Dave Johnson: Yeah, it’s a great question. I look at people coming out of law school, and I pay attention to law students, what they’re doing, and where they want to go. And on LinkedIn I see lawyers guiding law students, to go out and start their own firm. I cringe when I see that because yeah, it’s nice to start your own business. I did. I started coming out of law school, I went through it. And I screwed it up left and right and it’s terrible.
While I appreciate people wanting to start their own business and be their own boss, it is just a minefield out there of mistakes and tragic outcomes that can happen. Plus, it’s a very demanding challenge to start your own firm. You can’t take a vacation. You can’t walk away from it at five o’clock at night. You have to advertise, sell, perform your legal duties, chase down invoices, do financial reporting, and file taxes – it’s a multi-person, full-time job to work as a sole proprietor, and all of this in one of the most competitive industries. You don’t have the benefits, you don’t have the free time, you don’t have the support staff, and you just don’t have the resources to adequately serve your client or to have a life.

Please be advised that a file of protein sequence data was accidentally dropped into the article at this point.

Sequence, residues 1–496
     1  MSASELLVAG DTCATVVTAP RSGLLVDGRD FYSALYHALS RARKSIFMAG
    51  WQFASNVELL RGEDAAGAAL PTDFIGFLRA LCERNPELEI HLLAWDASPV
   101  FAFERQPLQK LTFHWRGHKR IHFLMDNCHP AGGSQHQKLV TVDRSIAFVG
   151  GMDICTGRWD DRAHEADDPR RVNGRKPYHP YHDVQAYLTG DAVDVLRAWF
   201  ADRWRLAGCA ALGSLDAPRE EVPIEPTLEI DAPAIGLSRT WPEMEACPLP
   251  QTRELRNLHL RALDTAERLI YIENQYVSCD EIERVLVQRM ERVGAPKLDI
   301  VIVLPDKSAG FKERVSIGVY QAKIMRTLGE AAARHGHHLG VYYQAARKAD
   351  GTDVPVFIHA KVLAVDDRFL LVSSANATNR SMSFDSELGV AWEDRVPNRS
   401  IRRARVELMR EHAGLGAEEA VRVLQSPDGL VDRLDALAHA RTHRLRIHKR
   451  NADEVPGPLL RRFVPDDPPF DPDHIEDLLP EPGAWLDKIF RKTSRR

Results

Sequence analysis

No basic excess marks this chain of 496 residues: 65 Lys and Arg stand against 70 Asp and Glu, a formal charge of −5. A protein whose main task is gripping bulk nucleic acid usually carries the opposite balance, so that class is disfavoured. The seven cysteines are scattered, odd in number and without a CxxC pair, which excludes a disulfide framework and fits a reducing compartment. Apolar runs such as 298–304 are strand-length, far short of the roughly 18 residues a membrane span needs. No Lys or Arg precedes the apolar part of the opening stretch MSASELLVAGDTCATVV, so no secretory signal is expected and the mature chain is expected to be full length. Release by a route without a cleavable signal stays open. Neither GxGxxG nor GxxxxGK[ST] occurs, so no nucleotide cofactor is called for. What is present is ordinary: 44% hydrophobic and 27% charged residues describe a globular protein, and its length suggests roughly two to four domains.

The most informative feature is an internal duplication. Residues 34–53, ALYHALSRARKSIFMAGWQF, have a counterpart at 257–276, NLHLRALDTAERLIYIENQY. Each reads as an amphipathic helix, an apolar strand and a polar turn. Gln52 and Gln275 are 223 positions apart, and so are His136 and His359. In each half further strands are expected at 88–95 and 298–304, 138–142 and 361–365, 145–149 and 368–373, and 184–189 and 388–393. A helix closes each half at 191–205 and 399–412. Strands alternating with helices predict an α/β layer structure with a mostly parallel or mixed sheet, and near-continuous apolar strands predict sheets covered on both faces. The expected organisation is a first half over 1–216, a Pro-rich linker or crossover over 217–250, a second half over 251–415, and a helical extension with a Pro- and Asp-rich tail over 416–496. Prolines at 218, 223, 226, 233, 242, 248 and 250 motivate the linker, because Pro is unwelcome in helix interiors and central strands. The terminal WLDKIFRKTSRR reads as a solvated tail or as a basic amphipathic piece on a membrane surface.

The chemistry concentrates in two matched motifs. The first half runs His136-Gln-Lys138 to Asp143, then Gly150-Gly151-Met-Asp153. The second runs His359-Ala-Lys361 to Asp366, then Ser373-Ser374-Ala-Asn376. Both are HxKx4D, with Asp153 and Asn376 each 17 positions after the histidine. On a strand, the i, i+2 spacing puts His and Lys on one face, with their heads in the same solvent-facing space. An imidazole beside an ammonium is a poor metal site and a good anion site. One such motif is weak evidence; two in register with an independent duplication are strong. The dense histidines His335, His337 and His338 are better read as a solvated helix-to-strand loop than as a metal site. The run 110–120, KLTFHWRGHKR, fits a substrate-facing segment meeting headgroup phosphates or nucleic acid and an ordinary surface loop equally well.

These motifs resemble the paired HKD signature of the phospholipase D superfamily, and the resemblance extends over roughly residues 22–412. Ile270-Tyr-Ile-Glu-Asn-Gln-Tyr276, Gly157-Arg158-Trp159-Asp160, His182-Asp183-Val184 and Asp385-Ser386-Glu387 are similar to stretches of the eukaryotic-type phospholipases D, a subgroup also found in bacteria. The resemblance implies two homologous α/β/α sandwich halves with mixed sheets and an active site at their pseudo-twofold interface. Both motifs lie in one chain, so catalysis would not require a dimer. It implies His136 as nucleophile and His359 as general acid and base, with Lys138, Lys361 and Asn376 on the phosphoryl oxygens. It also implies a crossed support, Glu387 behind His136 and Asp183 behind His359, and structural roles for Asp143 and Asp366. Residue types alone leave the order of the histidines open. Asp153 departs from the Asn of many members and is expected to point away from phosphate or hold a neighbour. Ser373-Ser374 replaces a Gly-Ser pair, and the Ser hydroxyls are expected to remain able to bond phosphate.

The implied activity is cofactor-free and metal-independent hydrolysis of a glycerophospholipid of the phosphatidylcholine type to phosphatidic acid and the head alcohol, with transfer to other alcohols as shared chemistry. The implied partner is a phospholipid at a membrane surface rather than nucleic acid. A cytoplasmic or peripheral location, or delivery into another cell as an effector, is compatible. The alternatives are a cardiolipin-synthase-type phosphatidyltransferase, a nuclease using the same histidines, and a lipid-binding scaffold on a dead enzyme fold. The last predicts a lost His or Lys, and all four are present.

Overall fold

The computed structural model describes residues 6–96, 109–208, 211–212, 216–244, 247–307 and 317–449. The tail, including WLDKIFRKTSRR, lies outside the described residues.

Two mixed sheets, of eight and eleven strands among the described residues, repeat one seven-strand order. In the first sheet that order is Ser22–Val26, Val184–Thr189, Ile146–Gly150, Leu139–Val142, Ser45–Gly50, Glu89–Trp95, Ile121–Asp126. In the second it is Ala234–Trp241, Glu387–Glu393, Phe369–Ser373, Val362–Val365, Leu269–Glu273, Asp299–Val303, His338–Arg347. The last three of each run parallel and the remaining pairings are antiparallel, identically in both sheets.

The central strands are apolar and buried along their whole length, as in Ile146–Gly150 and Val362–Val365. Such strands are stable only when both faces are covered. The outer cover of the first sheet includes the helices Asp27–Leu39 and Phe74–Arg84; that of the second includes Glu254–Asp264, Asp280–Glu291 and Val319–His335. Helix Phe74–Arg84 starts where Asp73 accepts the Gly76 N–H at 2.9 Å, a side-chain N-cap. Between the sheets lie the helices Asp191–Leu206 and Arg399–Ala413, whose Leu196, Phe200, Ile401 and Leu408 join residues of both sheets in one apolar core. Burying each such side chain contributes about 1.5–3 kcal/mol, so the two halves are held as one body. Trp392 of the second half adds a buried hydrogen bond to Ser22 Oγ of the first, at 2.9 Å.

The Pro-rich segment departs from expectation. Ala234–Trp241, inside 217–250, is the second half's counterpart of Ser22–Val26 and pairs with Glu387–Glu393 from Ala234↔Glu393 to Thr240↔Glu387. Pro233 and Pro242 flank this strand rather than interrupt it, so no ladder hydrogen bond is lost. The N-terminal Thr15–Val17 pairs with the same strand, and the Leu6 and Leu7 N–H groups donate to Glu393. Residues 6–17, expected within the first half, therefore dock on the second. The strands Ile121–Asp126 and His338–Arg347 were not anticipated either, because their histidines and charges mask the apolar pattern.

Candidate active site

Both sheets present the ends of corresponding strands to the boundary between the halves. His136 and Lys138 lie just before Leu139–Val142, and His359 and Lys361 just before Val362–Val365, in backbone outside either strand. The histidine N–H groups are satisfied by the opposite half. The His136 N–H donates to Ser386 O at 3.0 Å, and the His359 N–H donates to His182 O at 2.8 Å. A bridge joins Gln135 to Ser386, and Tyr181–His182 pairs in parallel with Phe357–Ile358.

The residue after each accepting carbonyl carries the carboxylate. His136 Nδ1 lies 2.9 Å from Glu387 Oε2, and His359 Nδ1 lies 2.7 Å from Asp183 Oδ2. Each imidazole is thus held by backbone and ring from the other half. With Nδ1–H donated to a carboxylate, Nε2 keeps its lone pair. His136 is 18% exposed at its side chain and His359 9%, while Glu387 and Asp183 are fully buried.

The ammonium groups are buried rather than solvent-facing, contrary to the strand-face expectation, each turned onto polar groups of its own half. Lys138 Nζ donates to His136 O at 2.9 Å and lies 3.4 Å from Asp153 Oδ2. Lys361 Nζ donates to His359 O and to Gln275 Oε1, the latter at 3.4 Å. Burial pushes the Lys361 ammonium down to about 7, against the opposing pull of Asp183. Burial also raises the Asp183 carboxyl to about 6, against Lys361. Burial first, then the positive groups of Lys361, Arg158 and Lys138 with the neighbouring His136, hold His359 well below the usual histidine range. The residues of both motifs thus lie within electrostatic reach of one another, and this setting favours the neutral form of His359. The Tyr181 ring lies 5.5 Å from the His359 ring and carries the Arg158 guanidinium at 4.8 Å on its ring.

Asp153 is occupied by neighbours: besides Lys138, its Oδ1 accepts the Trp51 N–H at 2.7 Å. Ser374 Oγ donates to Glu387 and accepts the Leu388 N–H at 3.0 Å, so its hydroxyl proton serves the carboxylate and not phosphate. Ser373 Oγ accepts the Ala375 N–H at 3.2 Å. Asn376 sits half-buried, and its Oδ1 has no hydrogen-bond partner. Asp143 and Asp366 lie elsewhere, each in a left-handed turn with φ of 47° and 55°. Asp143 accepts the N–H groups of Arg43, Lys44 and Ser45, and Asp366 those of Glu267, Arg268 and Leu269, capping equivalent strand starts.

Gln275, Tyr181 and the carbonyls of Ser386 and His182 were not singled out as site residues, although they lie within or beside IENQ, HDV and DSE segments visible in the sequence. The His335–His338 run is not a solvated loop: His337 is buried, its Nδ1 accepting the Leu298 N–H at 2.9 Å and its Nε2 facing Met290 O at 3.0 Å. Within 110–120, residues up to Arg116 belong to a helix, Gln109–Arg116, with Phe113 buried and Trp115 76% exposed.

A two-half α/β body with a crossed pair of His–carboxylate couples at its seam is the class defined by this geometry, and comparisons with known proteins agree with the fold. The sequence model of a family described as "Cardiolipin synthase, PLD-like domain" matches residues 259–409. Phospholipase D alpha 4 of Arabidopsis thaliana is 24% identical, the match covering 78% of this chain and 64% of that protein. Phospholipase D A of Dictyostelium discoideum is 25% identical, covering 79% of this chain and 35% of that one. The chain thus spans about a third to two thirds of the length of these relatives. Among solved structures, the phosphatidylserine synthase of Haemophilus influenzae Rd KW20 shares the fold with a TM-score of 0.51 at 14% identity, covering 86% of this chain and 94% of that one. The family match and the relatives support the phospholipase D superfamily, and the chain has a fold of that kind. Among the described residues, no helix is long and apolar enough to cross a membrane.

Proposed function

My advice to new lawyers is to spend some time with a reputable modern law firm, like Modern Family Law. Spend three, four, or five years learning and honing your skills, and then decide if it is worth it. Should I do it? Can I do it? Is that what I want to do? As far as going off and starting your own practice.
Most people figure out quickly starting a law firm is not a great future versus coming over to, a firm like us where you do have a future. You can become a partner, you can become an equity partner, you can learn and work on other projects. If you’re interested in marketing and you find that interesting, you can be a lawyer and do marketing and maybe eventually one day just do legal marketing, if that’s what you want. With our firm, you have the freedom of choice.
When you start at a bigger firm with more roles, you can chart which course interests you most. I loved being in court. I loved cross-examining witnesses. I loved getting a case ready to go, but I loved the creative side of running a business and seeing the success of running a business, but I had to figure out what that business would be, and how I would want to run it, first.